I always find it baffling when browsing eBay or even sometimes a “proper” eCommerce website and I find photography that doesn’t sell the product it is advertising. There really is no excuse for noisy, blurry product photos in my opinion.
But then I would say that, I’m a photographer, it’s easy for me to take good product pictures with my fancy expensive cameras, lighting and whatnot. Well, I’m not going to lie, all that gear does make it easy… But the trick is not having the gear, it’s knowing what to do with it! And actually, a good photographer – as the adage goes – can take good a photo with almost any camera and related equipment.
Whilst modesty prevents me from proclaiming my greatness a photographer, my chosen career path as a photographer (before the inception of F8) should, at very least, say something about my technical ability. And that technical ability allows me to take a good photo – including fairly technical photos such as product images – with pretty much any camera; the iPhone camera included.
But not only can I perform this feat of near miracle, I’m going to show you how! But do not fear – believe it or not – it’s actually a very simple thing to do when you know how!
Alongside an iPhone (or quite possibly any other type of smart phone) you will need this seemingly disparate collection of mostly household things.
- A sheet of white paper
- Blob of blu-tak
- A large book, preferably white
- A cloth, preferably black
- A set of earphones (with volume control)
- A mini camera tripod
- Tripod clamp for iPhone
Step 1 – Location
A table in the corner of a room by a window that lets in a reasonable amount of light. Preferably out of direct line of the sun – I’ll show you why sunlight is a pain in a moment
Step 2 – The infinity curve
If you have ever seen inside a photography studio you may have seen a large roll of paper hanging down from a bracket thus creating a curve down to the floor. This curve of paper creates a seamless edge from wall to floor. It is this that allows a photographer to take photos of a subject that appear to be in front of an infinite background i.e. an “Infinity curve”.
To achieve this is the comfort of you own home, simply blu-tak one edge of the paper to the wall and one to the table to create your mini photography studio.
Step 3 – Setting up the shot.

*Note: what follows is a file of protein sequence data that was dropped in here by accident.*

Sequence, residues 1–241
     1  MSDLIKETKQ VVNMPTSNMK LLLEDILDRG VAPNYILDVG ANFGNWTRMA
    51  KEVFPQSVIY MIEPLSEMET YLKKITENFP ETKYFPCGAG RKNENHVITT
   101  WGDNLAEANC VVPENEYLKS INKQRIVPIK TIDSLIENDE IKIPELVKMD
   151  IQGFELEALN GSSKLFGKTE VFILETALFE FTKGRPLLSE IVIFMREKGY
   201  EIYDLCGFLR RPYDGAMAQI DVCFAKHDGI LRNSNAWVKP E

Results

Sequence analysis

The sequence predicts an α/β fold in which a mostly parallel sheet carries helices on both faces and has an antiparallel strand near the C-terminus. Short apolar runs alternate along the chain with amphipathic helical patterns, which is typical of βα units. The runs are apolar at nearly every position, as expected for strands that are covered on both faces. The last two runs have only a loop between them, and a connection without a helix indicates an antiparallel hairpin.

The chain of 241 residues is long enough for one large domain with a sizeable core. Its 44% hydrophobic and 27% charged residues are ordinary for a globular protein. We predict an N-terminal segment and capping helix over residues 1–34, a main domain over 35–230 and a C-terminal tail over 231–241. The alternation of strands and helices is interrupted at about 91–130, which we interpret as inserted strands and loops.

Firstly you will need to place your product into your mini studio. Ideally at an angle so it faces the light coming through the window. Don’t forget to give it a wipe with the cloth to remove any dust or bits of fluff.
Next, set up your mini-tripod/camera support and phone bracket.
My set up is actually made of a camera support intended for suction-cup-attachment of a camera to the outside of a car. I use it because it is very stable and allows me to position the camera close to the surface of the table without tripod legs getting in the way. The bracket is part of a iPhone steady cam kit I got off eBay, nothing particularly special, it just happens to be the only thing I have big enough for the iPhone 6 plus.
There are a lot of options for iPhone supports out there, this Joby looks to be pretty good, but to be honest, in these circumstances, even a large blob of blu-tak would work just fine.
You will want to make sure that the iPhone is facing the front of the product, but doesn’t block the direction of the light or cause any strong shadows on the subject.
Step 4 – Framing.
You will notice I have set the iPhone to take a square photo, there are a few reasons for that. The first is that most websites, eBay, eCommerce shops etc. are geared up for square photos. So take the photo square and you won’t have to crop it later.
Secondly, the lens on the iPhone is a 28mm equivalent lens i.e. a wide angle lens. In short, this means that if you fill the frame with your product it will look distorted, unnatural and the wrong shape. Since product photography is (in this case at least) about showing the product as close to real life as possible, we don’t want it appearing distorted. Cropping the frame in camera to square and only framing within this square will prevent the distorted look from happening.